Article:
Mom Goes Camping

40+ Exciting No Cook, No Soak Backpacking Meal Ideas

no cook backpacking meal ideas

A lot of no-cook backpacking meal ideas are really boring.  Below, I’ve included some of the trail classics as well as variations to make them more exciting. By thinking outside the box and packing lost of spice mixes and condiments, you can make the same trail recipe in dozens of different ways so it doesn’t get boring.

If you are willing to soak a few of the ingredients — such as some instant mashed potato flakes or couscous — you will find yourself with a lot more options (but still don’t need a stove).

For more info on which foods can be made with soaking, read: Cold-Soak Backpacking Meal Ideas

 

Tortilla Wraps

no cook backpacking tortilla idea

You can put almost anything into a tortilla to make a wrap. To mix things up, get some lavash bread or pita bread. Here are some ideas of what to put in your wraps.  Also read: Backpacking Tortilla Ideas

  • Tuna or chicken from a pouch, mayo packet, hot sauce. Olives if you want to be extra fancy.
  • Peanut butter, honey, granola and dried fruit
  • Nutella and GORP
  • BBQ sauce from packet, chicken from pouch, Babybel cheese

 

Pizza

Slather tomato sauce on a tortilla or pita bread.  Add slices of cheese or pieces of string cheese and slices of salami. Roll it up and eat. You can also do this on bagels.

*The brand Boboli sells pizza sauce in packets.  You can also find tubes of tomato paste.  It needs to be watered down a bit to turn it into pizza sauce.

 

Tuna in Pouches

backpacking tuna

You can also use other types of fish in pouches.  Smoked salmon and smoked tuna are hiker favorites. Make sure you get the tuna which comes in oil and not water.  It is much more calorie dense. Remember to add herbs and spices to make these more exciting.

  • Tuna + salt and vinegar chips
  • Tuna + crushed crackers + mayo and hot sauce
  • Tuna + raw ramen noodles
  • Tuna + croutons + sundried tomatoes
  • Tuna on bread + cheese, mayo, olives, pesto…

 

Sandwiches (In Dozens of Variations)

The key to keeping your backpacking sandwiches from getting boring is to mix up what you use for the bread and filling.  With a bit of creativity, you can end up with dozens of variations.

Bread Ideas:

  • Bagels: This is the hiker’s go-to because it is so calorie dense and retains its shape even after taking a beating.
  • Waffles: Get frozen waffles and let them thaw.  Slather with PNB and honey or your favorite sandwich combo.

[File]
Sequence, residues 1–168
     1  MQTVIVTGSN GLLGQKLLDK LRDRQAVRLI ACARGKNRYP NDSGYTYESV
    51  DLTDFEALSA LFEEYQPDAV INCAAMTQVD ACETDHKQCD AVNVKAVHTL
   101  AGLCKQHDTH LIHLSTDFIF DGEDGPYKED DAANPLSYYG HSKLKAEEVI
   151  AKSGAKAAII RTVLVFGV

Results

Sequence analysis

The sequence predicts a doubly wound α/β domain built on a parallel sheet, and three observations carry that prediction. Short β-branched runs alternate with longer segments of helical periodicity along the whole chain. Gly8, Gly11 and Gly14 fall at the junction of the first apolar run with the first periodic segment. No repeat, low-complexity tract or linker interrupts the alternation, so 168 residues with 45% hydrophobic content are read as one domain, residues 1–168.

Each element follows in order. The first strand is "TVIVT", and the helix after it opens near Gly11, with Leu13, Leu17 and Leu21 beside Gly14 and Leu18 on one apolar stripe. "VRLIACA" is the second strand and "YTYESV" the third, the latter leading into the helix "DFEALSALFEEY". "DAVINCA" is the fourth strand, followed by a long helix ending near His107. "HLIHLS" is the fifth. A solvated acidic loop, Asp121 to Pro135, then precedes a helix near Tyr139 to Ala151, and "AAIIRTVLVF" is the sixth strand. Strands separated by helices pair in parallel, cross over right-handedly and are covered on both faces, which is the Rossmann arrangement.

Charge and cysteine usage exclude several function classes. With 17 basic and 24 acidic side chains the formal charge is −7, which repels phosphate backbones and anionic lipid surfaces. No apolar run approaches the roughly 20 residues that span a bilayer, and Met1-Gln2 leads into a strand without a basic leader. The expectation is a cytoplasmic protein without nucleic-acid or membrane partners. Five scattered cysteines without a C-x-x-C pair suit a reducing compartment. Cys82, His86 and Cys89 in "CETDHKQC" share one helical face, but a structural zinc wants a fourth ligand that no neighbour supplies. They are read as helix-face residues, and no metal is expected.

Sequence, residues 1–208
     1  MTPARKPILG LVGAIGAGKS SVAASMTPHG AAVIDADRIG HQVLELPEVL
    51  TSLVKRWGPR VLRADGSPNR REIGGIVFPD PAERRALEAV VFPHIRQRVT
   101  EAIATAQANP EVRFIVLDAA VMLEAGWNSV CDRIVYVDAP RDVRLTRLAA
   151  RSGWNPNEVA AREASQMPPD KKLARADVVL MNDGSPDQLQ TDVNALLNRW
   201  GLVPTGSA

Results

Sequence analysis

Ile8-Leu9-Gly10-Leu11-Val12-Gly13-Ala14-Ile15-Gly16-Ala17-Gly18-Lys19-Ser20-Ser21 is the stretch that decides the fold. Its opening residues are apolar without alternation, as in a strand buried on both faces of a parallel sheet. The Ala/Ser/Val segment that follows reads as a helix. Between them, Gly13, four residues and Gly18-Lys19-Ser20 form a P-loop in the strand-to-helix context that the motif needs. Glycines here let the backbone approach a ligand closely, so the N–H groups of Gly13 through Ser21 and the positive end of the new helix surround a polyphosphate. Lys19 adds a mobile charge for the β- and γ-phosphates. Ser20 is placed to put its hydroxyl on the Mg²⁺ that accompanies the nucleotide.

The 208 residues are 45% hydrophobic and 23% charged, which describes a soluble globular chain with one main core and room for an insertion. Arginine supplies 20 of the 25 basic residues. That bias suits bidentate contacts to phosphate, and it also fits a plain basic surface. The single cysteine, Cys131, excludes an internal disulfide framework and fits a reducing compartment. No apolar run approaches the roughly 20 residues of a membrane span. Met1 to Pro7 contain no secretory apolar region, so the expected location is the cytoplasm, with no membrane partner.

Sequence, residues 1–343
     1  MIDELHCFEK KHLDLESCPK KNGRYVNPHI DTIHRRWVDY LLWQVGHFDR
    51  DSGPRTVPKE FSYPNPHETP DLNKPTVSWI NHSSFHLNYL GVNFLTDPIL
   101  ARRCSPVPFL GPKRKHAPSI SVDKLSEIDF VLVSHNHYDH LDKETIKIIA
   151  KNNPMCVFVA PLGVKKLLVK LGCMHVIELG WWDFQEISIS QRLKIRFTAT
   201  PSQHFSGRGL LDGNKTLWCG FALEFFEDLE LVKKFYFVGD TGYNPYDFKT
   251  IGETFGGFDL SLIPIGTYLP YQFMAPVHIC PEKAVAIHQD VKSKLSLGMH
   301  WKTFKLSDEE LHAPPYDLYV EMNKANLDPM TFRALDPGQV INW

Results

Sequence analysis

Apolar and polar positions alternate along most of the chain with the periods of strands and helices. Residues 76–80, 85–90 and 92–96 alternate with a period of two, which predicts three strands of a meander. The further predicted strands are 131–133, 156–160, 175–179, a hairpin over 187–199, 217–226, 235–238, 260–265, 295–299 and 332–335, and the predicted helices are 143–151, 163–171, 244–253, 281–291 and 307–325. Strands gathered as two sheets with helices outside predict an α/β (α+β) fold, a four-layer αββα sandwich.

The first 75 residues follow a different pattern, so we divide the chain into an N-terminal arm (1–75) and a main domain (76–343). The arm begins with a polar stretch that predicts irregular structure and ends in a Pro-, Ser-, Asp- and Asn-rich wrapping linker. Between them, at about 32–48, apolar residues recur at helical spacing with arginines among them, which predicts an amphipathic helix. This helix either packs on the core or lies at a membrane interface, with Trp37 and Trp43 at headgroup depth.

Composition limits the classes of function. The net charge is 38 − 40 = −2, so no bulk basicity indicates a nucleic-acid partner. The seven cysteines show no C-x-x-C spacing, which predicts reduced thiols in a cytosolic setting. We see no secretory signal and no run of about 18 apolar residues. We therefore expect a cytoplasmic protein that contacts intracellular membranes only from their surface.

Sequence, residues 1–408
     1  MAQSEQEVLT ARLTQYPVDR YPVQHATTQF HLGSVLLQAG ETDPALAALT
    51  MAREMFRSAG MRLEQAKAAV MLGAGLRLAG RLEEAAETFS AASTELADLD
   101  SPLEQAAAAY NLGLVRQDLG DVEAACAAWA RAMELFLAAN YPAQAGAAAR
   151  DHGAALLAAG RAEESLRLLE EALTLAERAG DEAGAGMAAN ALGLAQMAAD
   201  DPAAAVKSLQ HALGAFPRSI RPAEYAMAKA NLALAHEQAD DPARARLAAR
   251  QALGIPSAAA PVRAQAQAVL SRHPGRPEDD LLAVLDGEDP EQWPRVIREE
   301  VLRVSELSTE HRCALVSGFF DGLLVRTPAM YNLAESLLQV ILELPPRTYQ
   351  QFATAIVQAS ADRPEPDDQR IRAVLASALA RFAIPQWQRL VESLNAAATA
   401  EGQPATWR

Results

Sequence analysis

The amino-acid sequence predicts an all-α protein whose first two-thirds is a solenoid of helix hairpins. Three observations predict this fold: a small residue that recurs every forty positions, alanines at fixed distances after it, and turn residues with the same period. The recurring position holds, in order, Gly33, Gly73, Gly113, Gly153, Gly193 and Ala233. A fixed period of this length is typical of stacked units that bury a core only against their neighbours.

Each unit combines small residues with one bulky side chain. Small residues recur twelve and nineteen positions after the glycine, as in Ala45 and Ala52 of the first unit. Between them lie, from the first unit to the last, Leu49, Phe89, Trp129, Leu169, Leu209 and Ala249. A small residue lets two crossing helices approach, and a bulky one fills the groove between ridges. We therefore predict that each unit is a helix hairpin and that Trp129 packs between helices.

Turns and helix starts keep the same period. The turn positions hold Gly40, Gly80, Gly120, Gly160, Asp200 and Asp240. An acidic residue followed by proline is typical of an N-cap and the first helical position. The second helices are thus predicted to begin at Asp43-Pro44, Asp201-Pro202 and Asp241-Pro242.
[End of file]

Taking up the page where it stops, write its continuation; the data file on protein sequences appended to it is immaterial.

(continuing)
• Poptarts: Make a sandwich with Nutella or PNB as the filling. PNB and jelly poptart sandwiches is another trash hiker meal.
  • English muffins
  • Croissants: They get smashed but still taste good.

 

Sandwich Filling Ideas:

  • Cheese + salami: This is a trail staple for most hikers.
  • PNB + honey: Tip: First put the honey on.  Let it soak in for a minute.  Then add the peanut butter and it won’t be as messy.
  • PNB + fritos or tortilla chips: The crunchiness is sooo delicious.
  • PNB + granola: The granola makes it crunchy = so much better.
  • PNB and jelly
  • Avocado or guacamole + cheese + hot sauce
  • Sandwich dipped into olive oil: Add Italian seasoning to the olive oil for a gourmet version.
  • Cream cheese
  • Sun dried tomato: You can find pouches of sun-dried tomato in olive oil. Or buy it in jars and repackage.  It lasts for a long time unrefrigerated.  This is great in sandwiches, especially with cheese.
  • Smoked tofu: I’ve found shelf-stable smoked tofu in ethnic stores and some health stores. It’s a good vegan no-cook meal idea and a nice break from salami for non-vegan hikers.
  • Olive tapenade: You can find plastic tubs of this. Or repackage it into baggies.
  • Nutella
  • Hummus: Instant hummus lasts longer (here’s how to make your own dry hummus mix) but requires soaking. Storebought hummus will usually last a few days without refrigeration.

*Trick for keeping cheese from going bad: If it will be cold at night but warm during the day, keep the cheese out during the night. In the morning, roll up the (wrapped) cheese in your sleeping bag. It will help it stay cold.

 

Raw ramen